Picnic in the Garden: Sensory Play and Sensory Foods for the Outdoors
Sensory Play and Sensory Foods for the Outdoors
Summer is quickly upon us which means the kids that have been clawing at the windows can now be set free to run, play, yell and just generally air themselves out. But summer can mean a different set of challenges when you have a child with sensory issues. Summer means wind, bright light, dirt and bugs and a general atmosphere that can be overwhelming.
But summer is all about baby steps; it’s about easing out of winter and taking deep breaths under blue skies. It’s about checkered picnic blankets and snacks outside and watering cans and digging in the dirt. It can provide the perfect chance to help your child grow into the outdoors. Try some of these sensory activities to help your child have a party in the garden.
What’s a party without refreshments? Having a child whose been in feeding therapy most of his life and who was tube fed all liquids until almost two, I’m no stranger to food fears or aversions. The key here is to continue to try new things, but in small doses. Eating outside provides the perfect opportunity to present old foods in a new surrounding and perhaps sneak some new ones in, too.
1. Ants on a Log – Combining textures can often be one of the biggest challenges for kids who have sensory issues. Try the classic “ants on a log” but make those ants march. Start with a plain banana and then a third of the way up add peanut butter and then when you’re almost at the end, add a few raisins or whatever small dried fruit your child is comfortable with. That way, they can experience it in stages.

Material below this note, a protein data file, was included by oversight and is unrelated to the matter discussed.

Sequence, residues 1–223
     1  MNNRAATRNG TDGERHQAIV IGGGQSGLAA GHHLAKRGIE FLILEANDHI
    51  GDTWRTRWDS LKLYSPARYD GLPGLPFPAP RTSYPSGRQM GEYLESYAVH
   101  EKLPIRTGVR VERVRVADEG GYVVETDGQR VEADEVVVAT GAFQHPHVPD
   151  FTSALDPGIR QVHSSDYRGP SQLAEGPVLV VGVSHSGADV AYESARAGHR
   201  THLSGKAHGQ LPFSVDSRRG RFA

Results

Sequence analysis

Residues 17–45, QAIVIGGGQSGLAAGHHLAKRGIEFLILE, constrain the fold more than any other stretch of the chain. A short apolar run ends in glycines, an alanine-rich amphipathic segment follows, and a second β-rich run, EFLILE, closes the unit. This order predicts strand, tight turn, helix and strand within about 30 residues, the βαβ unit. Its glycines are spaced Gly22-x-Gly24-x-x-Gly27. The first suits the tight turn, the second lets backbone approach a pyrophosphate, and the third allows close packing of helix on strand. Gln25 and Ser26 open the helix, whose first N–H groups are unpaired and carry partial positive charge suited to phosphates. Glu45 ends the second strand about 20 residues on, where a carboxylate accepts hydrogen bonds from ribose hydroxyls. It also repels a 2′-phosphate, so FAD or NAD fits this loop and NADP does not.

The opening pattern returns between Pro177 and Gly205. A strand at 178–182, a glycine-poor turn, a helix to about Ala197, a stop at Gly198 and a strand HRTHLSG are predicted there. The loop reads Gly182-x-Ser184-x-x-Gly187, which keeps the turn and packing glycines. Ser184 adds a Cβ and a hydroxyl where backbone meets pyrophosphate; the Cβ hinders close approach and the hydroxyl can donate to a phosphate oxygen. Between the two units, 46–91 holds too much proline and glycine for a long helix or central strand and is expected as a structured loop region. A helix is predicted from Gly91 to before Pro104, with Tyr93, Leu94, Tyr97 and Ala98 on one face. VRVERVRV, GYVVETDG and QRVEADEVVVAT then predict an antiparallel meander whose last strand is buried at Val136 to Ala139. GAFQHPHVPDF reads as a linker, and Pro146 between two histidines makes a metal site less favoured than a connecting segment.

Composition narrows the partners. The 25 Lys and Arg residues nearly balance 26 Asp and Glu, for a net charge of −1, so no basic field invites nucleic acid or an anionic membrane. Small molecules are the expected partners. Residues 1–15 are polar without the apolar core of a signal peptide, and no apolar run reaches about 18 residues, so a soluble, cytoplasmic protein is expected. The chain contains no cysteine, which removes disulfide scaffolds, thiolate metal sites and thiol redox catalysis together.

2. Food Kabobs – Any food on a stick is great for picnics. And for some reason, when put on a stick, that blueberry or cheese cube or tomato becomes a lot more fun. Even if they don’t want to eat it, encourage them to hold it or pull off pieces. Coming in contact with the food is half the battle.
3. Dirt Pudding – This is another great way to experiment with food combinations. Pick your child’s favorite pudding flavor (it doesn’t have to be chocolate) and then let them help you sprinkle on the cookie crumbs of choice (graham cracker, Nilla wafer, or Oreo are all family favorites). Lastly, let them put the classic gummy worms on top. If they help make it, they’re more likely to eat it. Also, it’s a great way to introduce them to dirt and bugs in a new form.
4. Grow and Eat – If you fancy yourself even a tiny bit skilled in gardening, pick one of your child’s favorite foods and let them help you plant some. Strawberries, blackberries, tomatoes and peppers are all pretty easy plants to grow Show them a picture and give them a taste of whatever you are planting so that when it grows, they know that they helped. It’s amazing to see their joy at putting food on the table.
Gardening requires small steps and experimentation, which is perfect for sensory play. The first thing I do with my son each morning after we’ve had a few planting sessions in the garden is to go “see what’s new.” He’s just as excited as I am to see what he is creating.
1. The Attire – Gloves and hats and aprons are perfect ways to introduce the garden because they mute sensations that might otherwise be overpowering. The gloves protect the hands from dirt and bugs. The hat shades the eyes and the apron keep the clothes clean. Plus, it’s like a costume and what kid doesn’t love a costume?